Now that the Super Bowl is over, the IT staff at Monster.com has its defensive line ready for an anticipated postgame blitz generated by three ads that were slated to debut during the game.
Computerworld recently huddled with Brian Farrey, chief technology officer at Maynard, Mass.-based Monster.com, as he finalized his game plan.
Number of IT employees: 170 in two locations Number of employees (end users): 1,300 worldwideWhy did you run ads during the Super Bowl when so many dot-coms bowed out this year? "We were the first dot-com to do a Super Bowl ad, and . . . [this year] we stand out as saying, This dot-com can afford it and continues to do well.' I'm not sure you can say that about any of the others that advertised last year. With our marketing budget, this is just another event for us, whereas for many last year, it was their only event, which was a flawed strategy."
What's your average site traffic in January? "On a typical Sunday night, we might get 10 million page hits."
What kind of traffic spike do you anticipate after the Super Bowl ads run? "We expect quick spikes during the game, for about five minutes, right when each ad airs. . . . We're preparing for a doubling of our usual January traffic for the first two weeks after the game. Traffic will slowly trail off after that."
What impact does that have on IT? "This is the time of year when we're focused on performance and scalability, putting as many servers as possible into production, installing new monitoring tools and reviewing all of our network connections. We do a lot of external volume and stress testing that's all related to the Super Bowl.
"We start in December and finish up two weeks before the Super Bowl. Then we lock down production - we won't make any equipment changes or add new code."
What's your game plan during the Super Bowl? "We'll have about 10 IT people on-site here and four [at another data center] in Indianapolis in case there are issues. Here, we'll have a party in a large conference room equipped with multiple screens. We'll have monitoring tools up on a couple of screens - the Super Bowl on one. And we'll probably also be playing video games - we're tech guys, after all."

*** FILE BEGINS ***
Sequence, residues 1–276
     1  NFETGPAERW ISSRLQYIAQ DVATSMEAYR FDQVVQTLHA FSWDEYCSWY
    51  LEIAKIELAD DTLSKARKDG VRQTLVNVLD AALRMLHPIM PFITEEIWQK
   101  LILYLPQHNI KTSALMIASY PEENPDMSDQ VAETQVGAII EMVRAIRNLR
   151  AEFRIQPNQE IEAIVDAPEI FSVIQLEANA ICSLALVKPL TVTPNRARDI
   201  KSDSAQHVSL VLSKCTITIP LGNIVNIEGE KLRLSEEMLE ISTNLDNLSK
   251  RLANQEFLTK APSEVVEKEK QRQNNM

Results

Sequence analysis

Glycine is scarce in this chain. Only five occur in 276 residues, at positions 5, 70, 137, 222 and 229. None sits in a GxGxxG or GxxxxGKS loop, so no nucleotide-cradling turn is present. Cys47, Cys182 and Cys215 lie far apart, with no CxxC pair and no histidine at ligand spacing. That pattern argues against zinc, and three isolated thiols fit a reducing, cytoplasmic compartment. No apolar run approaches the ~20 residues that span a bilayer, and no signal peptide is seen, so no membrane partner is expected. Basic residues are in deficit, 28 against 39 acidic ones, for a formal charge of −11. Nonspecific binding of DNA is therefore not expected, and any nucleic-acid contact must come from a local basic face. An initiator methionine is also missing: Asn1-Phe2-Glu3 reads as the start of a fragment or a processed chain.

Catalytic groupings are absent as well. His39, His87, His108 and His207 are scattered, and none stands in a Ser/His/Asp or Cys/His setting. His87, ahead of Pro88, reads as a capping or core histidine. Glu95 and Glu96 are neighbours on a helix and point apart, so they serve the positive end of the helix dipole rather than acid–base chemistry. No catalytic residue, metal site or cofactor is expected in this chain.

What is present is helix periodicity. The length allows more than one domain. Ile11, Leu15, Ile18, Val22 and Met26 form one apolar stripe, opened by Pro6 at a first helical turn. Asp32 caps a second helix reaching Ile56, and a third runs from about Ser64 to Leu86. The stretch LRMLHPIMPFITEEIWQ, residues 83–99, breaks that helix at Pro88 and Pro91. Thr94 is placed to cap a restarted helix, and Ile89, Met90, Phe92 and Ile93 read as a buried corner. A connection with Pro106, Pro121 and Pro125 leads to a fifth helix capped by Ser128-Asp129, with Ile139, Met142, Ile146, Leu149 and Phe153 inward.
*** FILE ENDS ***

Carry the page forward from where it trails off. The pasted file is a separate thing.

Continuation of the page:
Workday: "Coming up to the Super Bowl, 8 a.m. to 6 p.m. People are averaging 50 to 55 hours a week."
Must people carry beepers? Cell phones? "People get called after hours maybe a couple of times a week. The database group probably gets the most calls."
Employee reviews: Annual performance reviews, plus informal quarterly and project-based reviews.
Compensation and bonuses: "Our applications developers are paid hourly, so that's different than the industry norm. They're full-time employees, but they're paid whenever they work. . . . We have some project-based bonuses for large projects, and other major contributors outside of development get bonuses."
Dress code: "Is there something less than business casual? Then we're that."
Kind of offices: Open space with cubes. "We're in one of the original old [Digital Equipment Corp.] facilities, so that's interesting in terms of transformation from the Old Economy to the Digital Economy."
On-site amenities: The Monster Den, featuring a food bar plus pingpong and pool tables.
Free refreshments: Bagels, fruit, Gummy Bears, yogurt pretzels, sandwiches and moreWould employees feel comfortable e-mailing the CEO? "Yeah, it's just the culture here that anyone can talk to anyone."